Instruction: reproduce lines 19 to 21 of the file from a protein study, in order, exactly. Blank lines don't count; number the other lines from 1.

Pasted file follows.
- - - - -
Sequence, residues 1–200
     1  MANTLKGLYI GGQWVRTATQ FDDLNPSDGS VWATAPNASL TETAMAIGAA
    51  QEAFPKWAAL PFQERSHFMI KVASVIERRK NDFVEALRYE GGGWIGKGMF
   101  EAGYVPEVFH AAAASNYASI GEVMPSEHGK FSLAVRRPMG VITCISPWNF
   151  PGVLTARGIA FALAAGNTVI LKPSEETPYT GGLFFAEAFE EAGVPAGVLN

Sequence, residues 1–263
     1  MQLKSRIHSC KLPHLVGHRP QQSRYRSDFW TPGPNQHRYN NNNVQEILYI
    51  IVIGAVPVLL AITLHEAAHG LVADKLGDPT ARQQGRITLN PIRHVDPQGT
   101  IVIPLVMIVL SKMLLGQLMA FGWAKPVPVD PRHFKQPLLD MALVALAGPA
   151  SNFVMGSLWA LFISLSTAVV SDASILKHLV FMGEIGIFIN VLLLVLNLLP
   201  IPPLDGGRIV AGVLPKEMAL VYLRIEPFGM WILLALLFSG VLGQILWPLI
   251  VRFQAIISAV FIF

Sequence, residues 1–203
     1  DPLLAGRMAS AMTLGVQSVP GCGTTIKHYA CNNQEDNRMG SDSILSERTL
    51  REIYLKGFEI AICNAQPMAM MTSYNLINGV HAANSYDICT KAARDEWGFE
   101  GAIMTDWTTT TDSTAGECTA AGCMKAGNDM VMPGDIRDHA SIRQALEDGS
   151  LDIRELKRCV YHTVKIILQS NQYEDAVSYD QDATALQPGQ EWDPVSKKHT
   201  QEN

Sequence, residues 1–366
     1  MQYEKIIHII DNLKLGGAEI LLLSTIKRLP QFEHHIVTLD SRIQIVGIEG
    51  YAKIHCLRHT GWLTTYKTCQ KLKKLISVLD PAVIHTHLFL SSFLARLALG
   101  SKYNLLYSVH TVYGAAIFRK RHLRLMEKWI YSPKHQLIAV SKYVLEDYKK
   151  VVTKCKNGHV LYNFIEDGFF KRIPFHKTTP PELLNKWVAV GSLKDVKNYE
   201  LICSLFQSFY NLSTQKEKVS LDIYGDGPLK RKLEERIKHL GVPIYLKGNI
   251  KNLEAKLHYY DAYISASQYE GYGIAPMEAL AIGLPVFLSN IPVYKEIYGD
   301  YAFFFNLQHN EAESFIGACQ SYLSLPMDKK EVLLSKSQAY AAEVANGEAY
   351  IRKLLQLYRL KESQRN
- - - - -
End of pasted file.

Sequence, residues 1–366
     1  MQYEKIIHII DNLKLGGAEI LLLSTIKRLP QFEHHIVTLD SRIQIVGIEG
    51  YAKIHCLRHT GWLTTYKTCQ KLKKLISVLD PAVIHTHLFL SSFLARLALG